Run Your Sales Training Like An NFL Training Camp

    On: August 10 Author: Tom Cates Categories: sales management No Comments

    With fall right around the corner, and training camps in full swing, it's a football fan's favorite time of year: football watching and buffalo wing eating season! Still we can't help but think of how similar great sales management is to a successful NFL training camp. Coaches are working hard to create a team, hone their player’s skills and prepare for the long season ahead. Great sales managers are likewise working hard to create a team, hone their sales team's skills, and prepare for a never-ending season of selling.

    And what's the whole point of this activity? To create sales teams that are better equipped to build great client relationships that generate more sales revenue. After all, when a sales manager's team hits their annual sales quota it's just as good as winning the Super Bowl. So, let's take a closer look at how your sales training should compare to an NFL training camp.


    Why do football teams spend countless hours memorizing their playbooks, running cone drills, and rehearsing game-day scenarios? In football, there's no greater asset than preparation. Just ask Malcolm Butler, the Super Bowl 2015 hero. His extensive game-day preparation lead him to anticipate the final play of the Super Bowl, make the interception, and secure the Super Bowl win. It was epic. But that's what preparation does. It prepares you to be a closer. Interestingly enough, the Sales & Marketing Business Brief discovered 70% of sales teams have lackluster closing skills. Wow! Perhaps a lack of effective sales training is to blame for these results (the operative word being effective – there is no end to sales training options, yet all too few are effective at helping sales teams win).

    salesEQUITY Team


    Every NFL team places a certain level of importance in motivating their players to maximize their performance. Football is a game of passion and competitive play. Selling should be about the same. It's my offense vs. your defense. It's my players vs. your players. If you want to inspire success you’ve got to find out what motivates your sales team. Is it money? Closing a particular sale? The process of completing a sale? Either way, as a sales manager, it's your job to improve your sales team's performance and put your players in a position where they each can be successful – however they each define success. Create goals that provide your sales team the motivation to succeed.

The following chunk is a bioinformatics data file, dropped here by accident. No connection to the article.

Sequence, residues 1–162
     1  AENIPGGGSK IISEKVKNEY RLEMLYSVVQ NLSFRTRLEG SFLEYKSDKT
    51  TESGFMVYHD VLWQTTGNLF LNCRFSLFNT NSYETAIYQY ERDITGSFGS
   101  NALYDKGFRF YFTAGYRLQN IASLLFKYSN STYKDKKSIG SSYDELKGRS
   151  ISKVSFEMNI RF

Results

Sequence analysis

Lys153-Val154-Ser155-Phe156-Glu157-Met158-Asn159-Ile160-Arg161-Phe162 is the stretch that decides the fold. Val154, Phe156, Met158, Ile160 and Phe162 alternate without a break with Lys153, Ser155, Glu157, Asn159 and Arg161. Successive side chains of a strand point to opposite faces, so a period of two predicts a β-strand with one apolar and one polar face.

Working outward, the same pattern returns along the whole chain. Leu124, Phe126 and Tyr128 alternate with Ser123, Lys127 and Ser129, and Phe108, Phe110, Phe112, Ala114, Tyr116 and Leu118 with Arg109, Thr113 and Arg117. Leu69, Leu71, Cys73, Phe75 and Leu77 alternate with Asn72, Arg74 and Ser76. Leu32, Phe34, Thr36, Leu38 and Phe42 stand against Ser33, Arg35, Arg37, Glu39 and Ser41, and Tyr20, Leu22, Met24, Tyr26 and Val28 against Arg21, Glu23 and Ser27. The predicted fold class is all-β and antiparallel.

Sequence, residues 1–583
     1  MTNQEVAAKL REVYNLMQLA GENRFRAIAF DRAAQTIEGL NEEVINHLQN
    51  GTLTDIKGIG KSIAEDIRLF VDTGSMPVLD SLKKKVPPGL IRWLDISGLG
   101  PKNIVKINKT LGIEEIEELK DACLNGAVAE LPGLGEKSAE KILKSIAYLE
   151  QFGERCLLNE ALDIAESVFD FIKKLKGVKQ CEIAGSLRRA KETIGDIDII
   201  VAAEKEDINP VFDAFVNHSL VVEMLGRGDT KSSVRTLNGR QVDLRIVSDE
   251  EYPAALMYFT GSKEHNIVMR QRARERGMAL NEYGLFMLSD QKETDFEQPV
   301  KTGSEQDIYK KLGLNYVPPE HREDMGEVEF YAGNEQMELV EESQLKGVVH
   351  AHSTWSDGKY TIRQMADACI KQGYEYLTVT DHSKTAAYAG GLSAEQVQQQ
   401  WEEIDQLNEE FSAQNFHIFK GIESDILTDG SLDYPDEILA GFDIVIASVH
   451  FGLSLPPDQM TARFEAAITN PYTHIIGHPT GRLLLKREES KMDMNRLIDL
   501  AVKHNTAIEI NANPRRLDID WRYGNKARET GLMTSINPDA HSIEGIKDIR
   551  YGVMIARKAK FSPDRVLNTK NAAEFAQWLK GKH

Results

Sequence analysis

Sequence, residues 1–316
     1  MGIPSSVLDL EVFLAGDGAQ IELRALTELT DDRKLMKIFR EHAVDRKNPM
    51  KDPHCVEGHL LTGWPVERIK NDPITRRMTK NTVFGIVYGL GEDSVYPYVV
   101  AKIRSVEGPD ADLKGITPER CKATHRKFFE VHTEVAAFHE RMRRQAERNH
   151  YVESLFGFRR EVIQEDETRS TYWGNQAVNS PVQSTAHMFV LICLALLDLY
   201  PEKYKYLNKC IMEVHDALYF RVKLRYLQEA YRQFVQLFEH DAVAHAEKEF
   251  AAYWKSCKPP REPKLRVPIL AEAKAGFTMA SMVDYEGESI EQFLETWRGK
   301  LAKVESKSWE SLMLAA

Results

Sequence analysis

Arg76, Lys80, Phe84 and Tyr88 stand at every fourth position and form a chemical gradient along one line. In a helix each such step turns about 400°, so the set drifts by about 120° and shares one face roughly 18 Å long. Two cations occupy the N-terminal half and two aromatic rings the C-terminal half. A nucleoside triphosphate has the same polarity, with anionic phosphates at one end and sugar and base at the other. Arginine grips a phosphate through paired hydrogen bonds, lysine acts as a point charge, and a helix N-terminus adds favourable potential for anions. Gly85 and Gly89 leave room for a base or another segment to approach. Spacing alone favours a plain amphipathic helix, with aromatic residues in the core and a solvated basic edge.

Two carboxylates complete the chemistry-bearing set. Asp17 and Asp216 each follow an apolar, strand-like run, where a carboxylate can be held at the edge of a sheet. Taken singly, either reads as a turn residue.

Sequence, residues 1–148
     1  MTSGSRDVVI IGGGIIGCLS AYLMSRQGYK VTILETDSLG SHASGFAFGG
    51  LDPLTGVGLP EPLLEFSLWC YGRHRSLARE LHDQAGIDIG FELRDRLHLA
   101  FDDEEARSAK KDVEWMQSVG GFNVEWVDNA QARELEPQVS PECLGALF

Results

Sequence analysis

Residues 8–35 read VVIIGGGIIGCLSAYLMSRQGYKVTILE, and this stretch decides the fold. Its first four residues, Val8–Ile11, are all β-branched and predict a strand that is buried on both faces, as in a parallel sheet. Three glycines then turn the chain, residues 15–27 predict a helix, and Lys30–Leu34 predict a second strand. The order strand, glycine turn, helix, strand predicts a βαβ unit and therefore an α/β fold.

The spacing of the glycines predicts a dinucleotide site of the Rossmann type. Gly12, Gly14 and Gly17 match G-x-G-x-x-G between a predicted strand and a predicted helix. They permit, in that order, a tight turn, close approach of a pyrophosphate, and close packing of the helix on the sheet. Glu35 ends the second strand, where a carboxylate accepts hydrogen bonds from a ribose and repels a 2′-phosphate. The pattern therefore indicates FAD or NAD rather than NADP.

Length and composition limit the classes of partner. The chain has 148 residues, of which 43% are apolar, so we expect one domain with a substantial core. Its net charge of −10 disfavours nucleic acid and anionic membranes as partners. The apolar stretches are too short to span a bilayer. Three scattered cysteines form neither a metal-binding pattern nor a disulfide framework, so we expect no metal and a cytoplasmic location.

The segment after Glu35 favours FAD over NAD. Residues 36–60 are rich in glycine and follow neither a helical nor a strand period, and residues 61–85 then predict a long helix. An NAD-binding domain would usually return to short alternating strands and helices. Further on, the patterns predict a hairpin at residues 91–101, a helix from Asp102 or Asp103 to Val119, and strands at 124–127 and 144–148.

So how do you do this? Here are a few articles to point you in the right direction:

    This article from Criteria for Success has some great ideas to switch things up in your next training session. A lot of these tactics give your sales team the chance to show off their skills while also teaching them to adapt to a new situation.

    Andrew Fayad, CEO or ELearning Mind, presents 5 suggestions of how to effectively train your sales team. These tips help engage and motivate your employees.

    Entrepreneur guru, Barb Hauge, has some useful tips to practice your closing strategies. She has some really fun and useful ideas on how you can be in the 30% who close effectively.

    Integrity solutions produced a really interesting article about what you can incorporate in your sales training to be prepared for how sales is changing. This will help your sales be ahead of the game and ready for what’s next.

    Become The Ultimate Sales Manager/Coach

    If you want a sales team that turns rejection into success, then you must become the manager/mentor they need. Greatness takes time. It doesn't happen overnight. Not everyone knows how to put together a successful sales training program. It takes research, time, and fine-tuning.

    In addition to the above referenced articles, I encourage to read our white paper, "Leading for Loyalty" or watch our video, "Becoming a Value Creator" and learn more about how salesEQUITY can help your sales teams be better equipped to build and manage client relationships that generate revenue.


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